Faith, Hope, and Christian Charity: How Religion Explains Giving When Warm Glow and Impure Altruism Do Not

52 Pages Posted: 3 May 2018

See all articles by Clive D. Fraser

Clive D. Fraser

University of Leicester - Department of Economics

Date Written: April 17, 2018

Abstract

Many charities, especially religious ones, spend significantly to improve poor community members' living standards. Conventional theoretical philanthropy models with altruism or impure altruism/warm glow cannot explain poverty-alleviating private transfers in the type and size of communities where this occurs - e.g., congregations. However, if preferences reflect religious precepts ("you are your brother's keeper"; "treat neighbours like yourself"), charitable poverty alleviation can be optimal even in large communities. Income and price elasticities for giving prove important. Surprisingly, charitable private transfers are less likely when donors care for recipients' living standard instead of the aggregate amount all recipients get.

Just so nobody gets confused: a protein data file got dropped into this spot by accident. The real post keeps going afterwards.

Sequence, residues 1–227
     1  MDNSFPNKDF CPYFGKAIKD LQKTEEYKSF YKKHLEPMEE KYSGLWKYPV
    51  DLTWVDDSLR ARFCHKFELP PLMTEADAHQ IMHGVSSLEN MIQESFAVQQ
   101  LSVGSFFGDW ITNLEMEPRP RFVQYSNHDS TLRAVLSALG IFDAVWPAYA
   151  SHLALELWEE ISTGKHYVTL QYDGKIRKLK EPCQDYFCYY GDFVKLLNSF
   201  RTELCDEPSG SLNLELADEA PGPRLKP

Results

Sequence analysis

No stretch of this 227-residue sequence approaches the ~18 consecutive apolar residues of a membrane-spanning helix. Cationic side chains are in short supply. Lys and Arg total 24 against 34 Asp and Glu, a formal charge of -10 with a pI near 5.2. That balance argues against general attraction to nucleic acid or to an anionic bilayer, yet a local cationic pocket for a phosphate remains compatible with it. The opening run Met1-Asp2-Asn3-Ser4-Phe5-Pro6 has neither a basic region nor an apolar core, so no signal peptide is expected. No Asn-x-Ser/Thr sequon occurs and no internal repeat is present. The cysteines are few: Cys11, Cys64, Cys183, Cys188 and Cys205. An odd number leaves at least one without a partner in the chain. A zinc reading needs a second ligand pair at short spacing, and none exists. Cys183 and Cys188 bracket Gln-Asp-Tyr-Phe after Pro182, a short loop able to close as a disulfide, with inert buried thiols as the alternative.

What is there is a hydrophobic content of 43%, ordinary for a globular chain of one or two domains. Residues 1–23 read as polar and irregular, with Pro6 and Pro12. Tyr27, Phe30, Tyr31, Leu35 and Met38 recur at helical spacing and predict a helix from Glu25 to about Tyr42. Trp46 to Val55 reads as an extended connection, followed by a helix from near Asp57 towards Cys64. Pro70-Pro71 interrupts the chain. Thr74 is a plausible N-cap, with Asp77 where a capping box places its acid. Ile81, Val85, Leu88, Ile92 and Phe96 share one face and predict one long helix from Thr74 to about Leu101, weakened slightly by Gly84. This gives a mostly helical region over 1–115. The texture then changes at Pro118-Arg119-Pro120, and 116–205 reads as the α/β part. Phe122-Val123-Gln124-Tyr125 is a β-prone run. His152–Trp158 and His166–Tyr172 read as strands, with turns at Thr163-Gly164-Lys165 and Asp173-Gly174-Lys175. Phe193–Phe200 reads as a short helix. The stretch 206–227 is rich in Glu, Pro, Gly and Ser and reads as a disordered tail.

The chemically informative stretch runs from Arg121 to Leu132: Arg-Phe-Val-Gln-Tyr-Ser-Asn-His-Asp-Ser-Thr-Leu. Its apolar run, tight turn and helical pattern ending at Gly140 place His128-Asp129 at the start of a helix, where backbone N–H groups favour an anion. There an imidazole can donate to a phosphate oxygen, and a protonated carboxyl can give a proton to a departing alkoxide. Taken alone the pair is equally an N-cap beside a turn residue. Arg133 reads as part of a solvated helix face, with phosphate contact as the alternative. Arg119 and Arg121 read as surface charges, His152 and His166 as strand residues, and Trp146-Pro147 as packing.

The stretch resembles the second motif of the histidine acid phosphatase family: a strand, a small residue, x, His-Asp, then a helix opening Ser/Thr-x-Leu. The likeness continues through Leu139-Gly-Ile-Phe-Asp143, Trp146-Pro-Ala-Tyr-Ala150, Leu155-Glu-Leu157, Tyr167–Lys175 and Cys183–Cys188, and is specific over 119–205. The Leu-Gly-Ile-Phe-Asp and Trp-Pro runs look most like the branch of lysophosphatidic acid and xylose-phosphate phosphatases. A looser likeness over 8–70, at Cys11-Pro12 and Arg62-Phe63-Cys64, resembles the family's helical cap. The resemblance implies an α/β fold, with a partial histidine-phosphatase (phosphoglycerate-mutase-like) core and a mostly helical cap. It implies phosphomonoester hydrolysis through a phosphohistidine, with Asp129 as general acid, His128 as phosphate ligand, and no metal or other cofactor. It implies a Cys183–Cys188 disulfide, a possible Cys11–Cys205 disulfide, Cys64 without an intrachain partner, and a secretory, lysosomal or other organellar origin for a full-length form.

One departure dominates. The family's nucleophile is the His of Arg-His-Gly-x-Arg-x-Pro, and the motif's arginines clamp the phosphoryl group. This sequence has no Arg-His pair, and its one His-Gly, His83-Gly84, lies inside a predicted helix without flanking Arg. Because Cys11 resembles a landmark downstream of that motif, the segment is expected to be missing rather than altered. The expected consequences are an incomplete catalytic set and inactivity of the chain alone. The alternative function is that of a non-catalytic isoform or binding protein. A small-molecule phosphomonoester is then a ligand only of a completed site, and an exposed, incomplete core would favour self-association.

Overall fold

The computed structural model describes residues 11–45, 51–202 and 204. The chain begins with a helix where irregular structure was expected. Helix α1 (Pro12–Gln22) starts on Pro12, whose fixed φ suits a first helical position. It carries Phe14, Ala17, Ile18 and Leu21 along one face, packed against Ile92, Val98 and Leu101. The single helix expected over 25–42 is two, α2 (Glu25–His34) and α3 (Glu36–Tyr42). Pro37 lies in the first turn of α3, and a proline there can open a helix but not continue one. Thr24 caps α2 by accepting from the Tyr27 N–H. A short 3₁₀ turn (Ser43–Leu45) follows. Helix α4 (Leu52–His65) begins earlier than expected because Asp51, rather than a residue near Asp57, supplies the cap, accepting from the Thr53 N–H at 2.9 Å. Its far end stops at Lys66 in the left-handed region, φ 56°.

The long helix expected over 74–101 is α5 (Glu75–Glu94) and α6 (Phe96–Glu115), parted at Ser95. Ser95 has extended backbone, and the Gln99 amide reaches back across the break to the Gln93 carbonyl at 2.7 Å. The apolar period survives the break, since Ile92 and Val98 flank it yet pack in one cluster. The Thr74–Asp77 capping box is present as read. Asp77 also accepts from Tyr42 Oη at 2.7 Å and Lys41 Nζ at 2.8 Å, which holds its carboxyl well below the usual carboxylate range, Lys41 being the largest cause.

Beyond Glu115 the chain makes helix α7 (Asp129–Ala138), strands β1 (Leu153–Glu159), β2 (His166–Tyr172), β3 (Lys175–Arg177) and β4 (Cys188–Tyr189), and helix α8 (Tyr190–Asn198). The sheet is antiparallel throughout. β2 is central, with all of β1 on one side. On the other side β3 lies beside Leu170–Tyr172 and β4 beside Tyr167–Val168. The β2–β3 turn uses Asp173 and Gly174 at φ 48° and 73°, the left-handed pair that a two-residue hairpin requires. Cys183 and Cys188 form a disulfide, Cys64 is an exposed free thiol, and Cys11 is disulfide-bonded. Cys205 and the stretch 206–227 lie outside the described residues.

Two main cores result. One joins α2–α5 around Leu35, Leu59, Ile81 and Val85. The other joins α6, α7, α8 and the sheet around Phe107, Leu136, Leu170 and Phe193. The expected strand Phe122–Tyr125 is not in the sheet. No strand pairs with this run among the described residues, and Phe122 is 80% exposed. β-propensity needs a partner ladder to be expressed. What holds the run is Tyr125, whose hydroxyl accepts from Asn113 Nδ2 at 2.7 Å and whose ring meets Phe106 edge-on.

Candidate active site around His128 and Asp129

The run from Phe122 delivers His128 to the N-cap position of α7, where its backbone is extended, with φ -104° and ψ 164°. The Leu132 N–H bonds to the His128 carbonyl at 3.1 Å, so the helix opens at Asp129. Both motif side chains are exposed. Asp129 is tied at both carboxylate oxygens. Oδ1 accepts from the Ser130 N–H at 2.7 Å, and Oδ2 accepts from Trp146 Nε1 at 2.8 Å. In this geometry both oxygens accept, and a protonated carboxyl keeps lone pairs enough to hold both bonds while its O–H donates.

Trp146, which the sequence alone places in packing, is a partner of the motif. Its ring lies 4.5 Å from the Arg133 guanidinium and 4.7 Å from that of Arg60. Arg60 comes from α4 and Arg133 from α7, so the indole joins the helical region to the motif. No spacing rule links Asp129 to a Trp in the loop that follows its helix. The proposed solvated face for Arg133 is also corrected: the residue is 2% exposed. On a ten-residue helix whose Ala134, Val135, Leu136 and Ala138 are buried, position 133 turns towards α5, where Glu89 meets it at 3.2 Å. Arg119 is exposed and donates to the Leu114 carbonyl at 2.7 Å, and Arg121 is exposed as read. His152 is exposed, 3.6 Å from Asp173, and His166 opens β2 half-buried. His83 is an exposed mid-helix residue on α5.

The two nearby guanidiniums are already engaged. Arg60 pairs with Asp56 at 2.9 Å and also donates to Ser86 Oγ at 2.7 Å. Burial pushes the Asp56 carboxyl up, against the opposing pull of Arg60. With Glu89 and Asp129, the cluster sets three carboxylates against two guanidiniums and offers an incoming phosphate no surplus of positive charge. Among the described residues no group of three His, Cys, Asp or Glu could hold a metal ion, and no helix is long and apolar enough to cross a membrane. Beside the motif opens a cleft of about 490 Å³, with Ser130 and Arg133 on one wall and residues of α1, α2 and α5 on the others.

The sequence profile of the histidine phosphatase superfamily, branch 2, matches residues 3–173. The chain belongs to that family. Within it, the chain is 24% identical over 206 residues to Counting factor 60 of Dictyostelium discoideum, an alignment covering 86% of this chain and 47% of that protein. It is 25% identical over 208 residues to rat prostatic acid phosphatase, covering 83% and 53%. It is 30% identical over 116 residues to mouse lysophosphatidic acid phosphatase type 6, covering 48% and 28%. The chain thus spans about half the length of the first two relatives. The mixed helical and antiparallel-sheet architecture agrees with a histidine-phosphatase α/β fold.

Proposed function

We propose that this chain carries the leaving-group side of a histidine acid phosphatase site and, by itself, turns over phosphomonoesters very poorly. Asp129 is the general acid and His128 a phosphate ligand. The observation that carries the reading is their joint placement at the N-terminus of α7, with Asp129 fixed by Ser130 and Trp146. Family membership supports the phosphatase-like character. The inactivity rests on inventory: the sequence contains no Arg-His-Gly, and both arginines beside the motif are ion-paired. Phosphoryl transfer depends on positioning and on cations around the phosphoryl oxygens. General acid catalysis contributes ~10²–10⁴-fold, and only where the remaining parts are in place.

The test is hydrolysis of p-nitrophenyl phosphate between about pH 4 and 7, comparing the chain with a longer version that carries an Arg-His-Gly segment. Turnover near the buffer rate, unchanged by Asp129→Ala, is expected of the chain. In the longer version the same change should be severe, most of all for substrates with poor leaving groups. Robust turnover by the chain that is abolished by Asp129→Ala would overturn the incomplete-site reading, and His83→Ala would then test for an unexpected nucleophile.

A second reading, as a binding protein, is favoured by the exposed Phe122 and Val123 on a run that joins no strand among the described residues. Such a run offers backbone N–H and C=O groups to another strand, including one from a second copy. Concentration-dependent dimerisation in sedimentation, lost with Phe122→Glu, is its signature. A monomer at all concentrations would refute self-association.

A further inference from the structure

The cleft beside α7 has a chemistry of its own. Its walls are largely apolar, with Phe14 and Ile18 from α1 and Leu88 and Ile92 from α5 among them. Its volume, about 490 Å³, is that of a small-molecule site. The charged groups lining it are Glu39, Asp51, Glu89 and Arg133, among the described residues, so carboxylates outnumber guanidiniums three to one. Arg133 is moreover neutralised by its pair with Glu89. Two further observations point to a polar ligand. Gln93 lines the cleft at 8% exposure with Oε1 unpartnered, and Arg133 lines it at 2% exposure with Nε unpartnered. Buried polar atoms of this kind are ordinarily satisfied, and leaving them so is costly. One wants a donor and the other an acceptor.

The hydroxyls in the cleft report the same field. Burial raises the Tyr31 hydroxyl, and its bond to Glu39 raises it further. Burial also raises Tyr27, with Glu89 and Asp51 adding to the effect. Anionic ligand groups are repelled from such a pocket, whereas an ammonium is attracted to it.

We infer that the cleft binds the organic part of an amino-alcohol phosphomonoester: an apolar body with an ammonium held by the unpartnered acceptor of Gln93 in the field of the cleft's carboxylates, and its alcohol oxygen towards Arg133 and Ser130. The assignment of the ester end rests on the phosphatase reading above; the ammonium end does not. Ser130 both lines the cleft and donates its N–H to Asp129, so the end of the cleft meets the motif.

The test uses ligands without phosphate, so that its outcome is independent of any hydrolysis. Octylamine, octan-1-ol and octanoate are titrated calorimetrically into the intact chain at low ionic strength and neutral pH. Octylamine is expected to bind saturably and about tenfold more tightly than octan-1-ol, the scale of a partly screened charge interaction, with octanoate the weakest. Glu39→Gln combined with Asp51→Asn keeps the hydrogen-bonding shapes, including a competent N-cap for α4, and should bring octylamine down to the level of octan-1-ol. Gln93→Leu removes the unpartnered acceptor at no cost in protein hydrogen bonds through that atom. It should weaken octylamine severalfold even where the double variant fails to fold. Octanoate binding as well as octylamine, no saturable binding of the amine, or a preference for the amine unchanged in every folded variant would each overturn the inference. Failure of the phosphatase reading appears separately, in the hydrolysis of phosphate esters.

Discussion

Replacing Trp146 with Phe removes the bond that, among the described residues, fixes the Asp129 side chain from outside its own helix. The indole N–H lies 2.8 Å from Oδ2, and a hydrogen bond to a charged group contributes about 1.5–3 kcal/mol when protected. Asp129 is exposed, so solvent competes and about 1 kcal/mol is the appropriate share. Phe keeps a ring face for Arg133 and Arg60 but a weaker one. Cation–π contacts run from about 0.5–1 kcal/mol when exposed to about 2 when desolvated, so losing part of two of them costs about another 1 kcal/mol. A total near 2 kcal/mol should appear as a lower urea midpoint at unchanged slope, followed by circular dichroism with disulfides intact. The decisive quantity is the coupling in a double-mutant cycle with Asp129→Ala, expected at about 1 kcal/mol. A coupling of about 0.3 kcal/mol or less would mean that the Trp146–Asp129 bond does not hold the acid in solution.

Keywords: Religion, philanthropy, warm-glow, impure altruism, poverty alleviation

JEL Classification: D39, D64, H40, I39, Z12

Suggested Citation

Fraser, Clive D., Faith, Hope, and Christian Charity: How Religion Explains Giving When Warm Glow and Impure Altruism Do Not (April 17, 2018). Available at SSRN: https://ssrn.com/abstract=3164327 or http://dx.doi.org/10.2139/ssrn.3164327

Clive D. Fraser (Contact Author)

University of Leicester - Department of Economics ( email )

Department of Economics
Leicester LE1 7RH, Leicestershire LE1 7RH
United Kingdom

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